TicketManager | WNBA Should Agree That Las Vegas Players’ Deal Is Good for All

The WNBA is investigating the contracts signed between the Las Vegas Aces’ twelve players and the Las Vegas Convention & Visitors Authority that will see each athlete receive $100,000 this season in exchange for promotional work and appearances.

If the league wants to do what’s right for itself, its teams and its players, not to mention women’s sports in general, it will conduct the examination quickly and conclude that the personal services sponsorship agreements are in everyone’s best interests.

The athlete sponsorship program is an example of the classic win-win-win scenario that good sports partnerships embody. It benefits the brand through unique and powerful marketing assets, in this case the members of the reigning two-time WNBA champions. It directly benefits the players—Aces guard Sydney Colson termed it “life-changing” on social media—which in turn should benefit the team’s fans.

The degree to which the LVCVA deals impact the athletes involved should not be ignored. Half of the players on the Aces roster make less than $100,000 each season, according to Sportrac. Colson’s base salary is $76,535, while rookie Kate Martin’s is $67,249 this year. The team’s two highest paid players have a salary of $200,000.

Thus the deal is not only good for the parties involved, but it also addresses and shines an additional light on the issue of pay disparity between men’s and women’s pro athletes.

So what’s the problem? While the WNBA hasn’t commented beyond acknowledging its investigation, there appear to be two issues of concern. The first is whether the sponsorships violate the spirit of the league’s salary cap rules. Those who have raised the issue see the deals as giving an unfair advantage to the Aces over other teams in player recruiting and retention.

But that argument doesn’t hold water. Players on other teams are free to negotiate similar deals. (The teams cannot be involved on behalf of players under WNBA rules; the Aces had no involvement in the LVCVA’s dealings with player agents.) Disallowing these deals would be akin to the NBA penalizing the Lakers because LeBron James and Anthony Davis have more lucrative endorsement deals than players on other teams.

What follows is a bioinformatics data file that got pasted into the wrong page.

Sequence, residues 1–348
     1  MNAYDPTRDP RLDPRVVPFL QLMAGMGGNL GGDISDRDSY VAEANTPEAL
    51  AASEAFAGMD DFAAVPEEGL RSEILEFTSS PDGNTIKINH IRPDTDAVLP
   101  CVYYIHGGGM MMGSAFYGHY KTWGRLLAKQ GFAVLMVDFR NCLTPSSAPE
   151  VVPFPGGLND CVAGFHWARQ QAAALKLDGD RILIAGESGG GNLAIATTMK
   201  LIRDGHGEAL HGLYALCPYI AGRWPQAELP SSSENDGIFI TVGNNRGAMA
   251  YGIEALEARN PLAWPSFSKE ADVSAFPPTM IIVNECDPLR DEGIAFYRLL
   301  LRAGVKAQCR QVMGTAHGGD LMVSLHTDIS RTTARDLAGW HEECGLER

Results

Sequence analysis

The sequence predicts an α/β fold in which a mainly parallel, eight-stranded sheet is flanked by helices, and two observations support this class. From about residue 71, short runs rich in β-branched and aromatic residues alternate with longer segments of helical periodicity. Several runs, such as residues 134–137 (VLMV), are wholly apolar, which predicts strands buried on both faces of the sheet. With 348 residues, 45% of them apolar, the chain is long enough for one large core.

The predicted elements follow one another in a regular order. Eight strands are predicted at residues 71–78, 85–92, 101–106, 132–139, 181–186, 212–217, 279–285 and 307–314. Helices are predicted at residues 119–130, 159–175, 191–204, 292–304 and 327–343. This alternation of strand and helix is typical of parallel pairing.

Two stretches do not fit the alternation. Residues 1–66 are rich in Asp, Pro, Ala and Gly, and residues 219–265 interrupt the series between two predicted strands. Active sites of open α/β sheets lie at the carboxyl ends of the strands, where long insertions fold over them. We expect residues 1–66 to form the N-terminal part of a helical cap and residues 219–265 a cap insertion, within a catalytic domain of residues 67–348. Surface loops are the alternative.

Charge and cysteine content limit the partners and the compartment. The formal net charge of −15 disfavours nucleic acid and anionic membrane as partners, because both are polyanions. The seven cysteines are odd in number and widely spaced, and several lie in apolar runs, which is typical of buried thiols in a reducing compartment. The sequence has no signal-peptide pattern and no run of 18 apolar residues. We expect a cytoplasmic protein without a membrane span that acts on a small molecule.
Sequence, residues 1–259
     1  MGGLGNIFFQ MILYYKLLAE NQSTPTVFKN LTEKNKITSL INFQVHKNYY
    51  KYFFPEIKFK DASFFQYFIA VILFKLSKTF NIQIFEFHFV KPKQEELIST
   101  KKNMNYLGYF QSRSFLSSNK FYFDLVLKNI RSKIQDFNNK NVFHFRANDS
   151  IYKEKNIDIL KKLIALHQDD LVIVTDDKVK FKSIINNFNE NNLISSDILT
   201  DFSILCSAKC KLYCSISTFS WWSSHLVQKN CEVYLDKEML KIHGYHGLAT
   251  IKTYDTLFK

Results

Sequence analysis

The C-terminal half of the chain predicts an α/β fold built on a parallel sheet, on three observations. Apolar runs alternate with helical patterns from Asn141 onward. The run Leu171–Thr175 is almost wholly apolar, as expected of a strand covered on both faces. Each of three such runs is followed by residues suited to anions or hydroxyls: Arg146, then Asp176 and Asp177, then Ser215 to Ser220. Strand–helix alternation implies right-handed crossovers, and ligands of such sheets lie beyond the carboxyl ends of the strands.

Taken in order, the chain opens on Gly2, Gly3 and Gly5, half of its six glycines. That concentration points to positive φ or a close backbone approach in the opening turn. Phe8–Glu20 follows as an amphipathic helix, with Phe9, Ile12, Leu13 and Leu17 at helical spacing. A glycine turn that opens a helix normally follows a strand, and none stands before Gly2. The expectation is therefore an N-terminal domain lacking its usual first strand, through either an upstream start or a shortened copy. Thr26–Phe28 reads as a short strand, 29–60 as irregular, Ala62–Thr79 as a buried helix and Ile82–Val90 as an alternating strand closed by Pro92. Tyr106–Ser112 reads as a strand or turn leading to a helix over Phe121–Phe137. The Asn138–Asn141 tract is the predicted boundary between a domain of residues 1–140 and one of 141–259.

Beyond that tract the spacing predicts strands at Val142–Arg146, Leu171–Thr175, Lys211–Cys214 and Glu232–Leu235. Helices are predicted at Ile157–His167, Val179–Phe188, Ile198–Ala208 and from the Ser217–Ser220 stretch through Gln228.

Without question, other brands are now looking at these dozen new deals in Las Vegas and considering whether they would benefit by being the next marketer to do something similar. If fairness is the priority, the WNBA must let the LVCVA deals stand and create opportunities for players in all of its other markets.

The second issue could be related to confusion over remarks made by LVCVA president and CEO Steve Hill during his surprise announcement of the deals to the players on Friday. In a video posted to X, Hill says, “The offer is really simple. We want you to just play. We want you to keep repping Las Vegas. And if you get a three-peat, that will be icing on the cake.”

While all other details released about the sponsorships support the idea that these are standard promotional agreements that are fully compliant with the WNBA collective bargaining agreement, it’s possible the league wants to assure itself that despite the offhand “We want you to just play” remark, there has been no violation of the CBA’s prohibition of a “sponsor, business partner or third party” paying compensation for basketball services.

That is something that should be easy to clarify and then we can hope to see similar deals benefiting women’s pro athletes in due course.